What is a dialect?
by Clive Upton.
Clive Upton is Emeritus Professor of Modern English Language in the University of Leeds. He has been researching English Dialects for almost fifty years, and was adviser to the BBC’s Voices project.
Dialect is one of those words that almost everybody thinks they understand, but which is in fact a bit more problematic than at first seems to be the case. A simple, straightforward definition is that a dialect is any variety of English that is marked off from others by distinctive linguistic features. Such a variety could be associated with a particular place or region or, rather more surprisingly, it might also be associated with a certain social group—male or female, young or old, and so on.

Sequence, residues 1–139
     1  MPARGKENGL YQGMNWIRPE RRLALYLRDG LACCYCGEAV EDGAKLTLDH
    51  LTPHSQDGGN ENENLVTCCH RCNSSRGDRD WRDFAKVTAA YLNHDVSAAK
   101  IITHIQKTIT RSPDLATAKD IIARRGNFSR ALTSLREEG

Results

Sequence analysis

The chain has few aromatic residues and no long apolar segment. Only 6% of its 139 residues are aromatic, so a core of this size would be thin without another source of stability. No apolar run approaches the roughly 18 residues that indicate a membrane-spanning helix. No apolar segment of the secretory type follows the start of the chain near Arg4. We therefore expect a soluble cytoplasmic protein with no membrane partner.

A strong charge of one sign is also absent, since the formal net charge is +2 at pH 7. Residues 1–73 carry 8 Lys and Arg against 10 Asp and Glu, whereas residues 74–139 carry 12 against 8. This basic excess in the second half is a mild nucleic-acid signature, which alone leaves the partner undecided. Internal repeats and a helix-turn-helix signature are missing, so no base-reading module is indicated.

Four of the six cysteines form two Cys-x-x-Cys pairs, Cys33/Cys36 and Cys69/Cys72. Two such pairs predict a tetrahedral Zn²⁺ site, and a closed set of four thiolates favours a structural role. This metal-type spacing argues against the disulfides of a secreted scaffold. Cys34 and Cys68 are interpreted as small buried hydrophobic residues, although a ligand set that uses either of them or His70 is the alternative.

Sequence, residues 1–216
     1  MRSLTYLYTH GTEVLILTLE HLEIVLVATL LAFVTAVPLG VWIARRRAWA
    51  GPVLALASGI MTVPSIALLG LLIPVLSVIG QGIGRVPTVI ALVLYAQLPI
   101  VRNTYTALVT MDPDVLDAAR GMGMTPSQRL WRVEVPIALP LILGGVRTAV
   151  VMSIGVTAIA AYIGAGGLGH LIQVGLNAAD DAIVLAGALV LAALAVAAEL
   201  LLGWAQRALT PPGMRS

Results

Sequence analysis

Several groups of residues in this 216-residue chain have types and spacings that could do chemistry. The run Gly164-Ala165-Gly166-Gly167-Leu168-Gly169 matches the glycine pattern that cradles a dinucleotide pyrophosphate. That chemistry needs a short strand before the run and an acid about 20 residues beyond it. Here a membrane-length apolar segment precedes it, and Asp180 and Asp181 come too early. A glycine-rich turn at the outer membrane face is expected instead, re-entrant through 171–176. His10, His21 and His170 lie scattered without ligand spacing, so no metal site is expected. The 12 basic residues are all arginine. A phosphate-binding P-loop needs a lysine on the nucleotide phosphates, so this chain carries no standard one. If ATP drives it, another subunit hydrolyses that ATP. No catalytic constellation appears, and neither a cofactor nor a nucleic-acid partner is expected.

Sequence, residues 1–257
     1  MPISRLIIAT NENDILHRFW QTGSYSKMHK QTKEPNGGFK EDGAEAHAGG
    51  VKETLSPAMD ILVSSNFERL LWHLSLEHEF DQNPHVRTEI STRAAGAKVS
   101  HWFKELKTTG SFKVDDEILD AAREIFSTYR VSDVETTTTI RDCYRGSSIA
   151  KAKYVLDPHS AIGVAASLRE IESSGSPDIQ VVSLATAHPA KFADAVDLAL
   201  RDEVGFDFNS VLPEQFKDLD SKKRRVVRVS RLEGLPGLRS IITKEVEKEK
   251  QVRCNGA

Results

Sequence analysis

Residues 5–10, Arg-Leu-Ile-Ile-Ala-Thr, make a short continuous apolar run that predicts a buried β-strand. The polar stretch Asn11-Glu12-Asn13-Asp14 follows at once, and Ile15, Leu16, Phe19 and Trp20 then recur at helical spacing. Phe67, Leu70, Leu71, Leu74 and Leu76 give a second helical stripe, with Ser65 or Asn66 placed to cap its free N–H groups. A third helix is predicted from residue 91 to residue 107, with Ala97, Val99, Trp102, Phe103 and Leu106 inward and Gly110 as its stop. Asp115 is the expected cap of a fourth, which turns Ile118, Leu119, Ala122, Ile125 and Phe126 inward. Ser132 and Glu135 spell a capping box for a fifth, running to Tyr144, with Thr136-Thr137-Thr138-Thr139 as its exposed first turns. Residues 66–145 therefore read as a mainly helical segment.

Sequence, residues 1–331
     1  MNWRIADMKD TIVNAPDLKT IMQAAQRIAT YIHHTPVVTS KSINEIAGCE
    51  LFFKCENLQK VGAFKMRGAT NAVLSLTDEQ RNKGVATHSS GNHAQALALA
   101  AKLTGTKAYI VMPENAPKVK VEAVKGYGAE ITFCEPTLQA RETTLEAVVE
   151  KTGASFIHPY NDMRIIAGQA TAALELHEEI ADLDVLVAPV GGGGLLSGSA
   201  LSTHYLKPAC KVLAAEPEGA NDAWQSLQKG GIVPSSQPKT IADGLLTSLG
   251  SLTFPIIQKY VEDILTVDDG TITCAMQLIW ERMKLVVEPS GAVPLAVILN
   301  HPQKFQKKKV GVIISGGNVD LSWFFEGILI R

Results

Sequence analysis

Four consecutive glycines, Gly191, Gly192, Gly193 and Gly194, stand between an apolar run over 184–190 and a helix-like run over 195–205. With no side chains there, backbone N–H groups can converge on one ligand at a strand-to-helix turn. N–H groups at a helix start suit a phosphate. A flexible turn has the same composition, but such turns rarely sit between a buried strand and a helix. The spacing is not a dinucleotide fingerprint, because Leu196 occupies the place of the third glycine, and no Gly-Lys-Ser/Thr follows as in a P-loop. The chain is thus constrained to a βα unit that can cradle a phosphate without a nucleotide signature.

But whether the focus is regional or social, there are two important matters that need to be considered when defining ‘dialect’:
- What are the building blocks of dialect?
- What are the most common mistakes that people make when referring to ‘dialect’?
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